|The Art of Communication||About Claim Solutions ...|
Welcome to the Claim Solutions’ Newsletter for Winter 2003.
Losses over the past quarter have included fires in retail outlets, factories, restaurants and hospitals. Explosions, gas leaks and even a tornado also occurred. A list is included on page 4.
As always, we hope all those who sustained a loss experience a speedy recovery.
This newsletter contains articles on the tornado in Bendigo, sabotage, conflicts, indemnity periods, underinsurance and communication. We hope you enjoy them.
If you have missed one of our newsletters don’t worry. An archive of our current and past newsletters can be found on our website.
If we can assist you in relation to any claims please do not hesitate to contact us.
Your enquiries are always welcome.
A tornado is a violent rotating column of air extending from a thunderstorm to the ground.
The most violent can produce wind speeds up to 400kph, moving forward at average speeds of about 50kph.
They are a natural phenomenon we usually associate with the United States. They occur in Australia but are often unnoticed as they strike in unpopulated areas.
Bendigo residents can tell us otherwise.
At approximately 6pm on 18 May 2003 a freak tornado accompanied by winds of up to 150kph hit the area. It ripped roofs complete with trusses from houses, tore huge gum trees from the ground with roots intact, threw street lights and debris across roads and knocked down power lines cutting electricity to Bendigo, Castlemaine and Maldon.
The tornado left a 7 kilometre trail of devastation through the suburbs of Bendigo.
Approximately 100 homes were damaged and 10 destroyed. The famous Joss House listed by the National Trust also sustained damage. While the damage was largely residential it could just as easily have been industrial.
It has been a long time since Bendigo has seen such an event. Other tornadoes were reported in the area in 1899, 1905, 1906 and 1911.
This event highlights the need for adequate insurance. Not only can such disasters be unpredictable, their ferocity can be frightening.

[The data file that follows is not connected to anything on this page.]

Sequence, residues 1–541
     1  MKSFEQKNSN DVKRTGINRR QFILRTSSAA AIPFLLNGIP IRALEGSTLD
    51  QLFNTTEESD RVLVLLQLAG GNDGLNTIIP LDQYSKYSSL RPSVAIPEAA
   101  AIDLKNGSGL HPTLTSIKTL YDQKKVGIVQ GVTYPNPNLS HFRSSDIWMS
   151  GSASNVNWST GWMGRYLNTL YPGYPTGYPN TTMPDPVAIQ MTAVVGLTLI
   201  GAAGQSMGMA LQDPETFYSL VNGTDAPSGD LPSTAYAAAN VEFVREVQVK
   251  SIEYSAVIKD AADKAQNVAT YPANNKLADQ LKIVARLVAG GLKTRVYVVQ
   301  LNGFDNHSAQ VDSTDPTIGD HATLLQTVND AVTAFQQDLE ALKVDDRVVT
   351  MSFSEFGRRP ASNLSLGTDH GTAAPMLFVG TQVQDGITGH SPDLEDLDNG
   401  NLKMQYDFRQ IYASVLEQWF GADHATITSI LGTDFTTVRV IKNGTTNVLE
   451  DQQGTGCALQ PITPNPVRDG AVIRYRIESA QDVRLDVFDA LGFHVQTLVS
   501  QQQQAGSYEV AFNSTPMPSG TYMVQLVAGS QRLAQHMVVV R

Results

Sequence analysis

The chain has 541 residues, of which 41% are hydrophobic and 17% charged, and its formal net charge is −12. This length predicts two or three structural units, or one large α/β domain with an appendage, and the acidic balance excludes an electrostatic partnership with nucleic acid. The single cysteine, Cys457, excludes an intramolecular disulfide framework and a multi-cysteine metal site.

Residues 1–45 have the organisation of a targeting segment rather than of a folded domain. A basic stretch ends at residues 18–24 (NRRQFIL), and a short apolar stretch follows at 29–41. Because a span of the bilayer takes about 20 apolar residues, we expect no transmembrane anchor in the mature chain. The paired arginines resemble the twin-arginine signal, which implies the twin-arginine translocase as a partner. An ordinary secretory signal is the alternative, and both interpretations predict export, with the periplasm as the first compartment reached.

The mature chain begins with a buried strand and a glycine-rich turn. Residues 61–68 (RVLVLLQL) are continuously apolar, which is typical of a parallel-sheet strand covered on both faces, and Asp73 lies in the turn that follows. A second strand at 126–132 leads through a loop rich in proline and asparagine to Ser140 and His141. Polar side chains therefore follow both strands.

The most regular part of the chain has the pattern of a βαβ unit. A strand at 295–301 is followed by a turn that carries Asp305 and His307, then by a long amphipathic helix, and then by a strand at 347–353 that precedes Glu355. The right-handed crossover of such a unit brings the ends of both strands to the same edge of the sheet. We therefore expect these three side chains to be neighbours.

Yes, the Claim Solutions archive includes sabotage. A developing orchid nursery in the Northern Territory was beginning to thrive when its water supply was contaminated. Not only did almost the entire retail stock die much of the germination stock was badly damaged. A significant loss of profit followed.
A similar situation affected a farmer who bred quails destined for exclusive Melbourne restaurants. His feed stock was contaminated causing many of the delicacies to fall off their perch and the breeding pairs to become feeble.
Industrial sabotage is alive and well!
The claims industry is not immune from Conflicts of Interest, and independence is amongst the key criteria which needs to be considered when appointing a consultant to prepare a claim.
For example a conflict of interest may arise if the consultant accepts engagements from both the Insurer and Insured. An Insured needs to be satisfied that the presentation of their claim is free from any working relationship the consultant may have with the Insurer.
A conflict may also arise if the consultant is also the Insured’s auditor. Both the insured and insurer need to be content that the claim presentation is free from any need to retain a larger audit role.
One event can often lead to a series of claims affecting many parties e.g. one fire may affect a tenant, landlord, customer and supplier. The consultant must be aware of the relationships and avoid situations which may cloud their judgement. The recent Pan Pharmaceuticals product recall is a prime example. It would be difficult to prepare the claim for Pan as well as its affected customers.
Some time ago we were involved in several claims for a series of retailers where a fire ripped through an arcade in the centre of a Victorian country town. The concentration of risk proved to be a problem. Nearby vacancies were immediately swamped by distraught tenants endeavouring to re-establish their businesses. It was a case of first in best dressed and many tenants could not find an alternative location to trade. They had no option but to wait until the arcade was rebuilt, a lengthy process. In many instances their indemnity period was too short.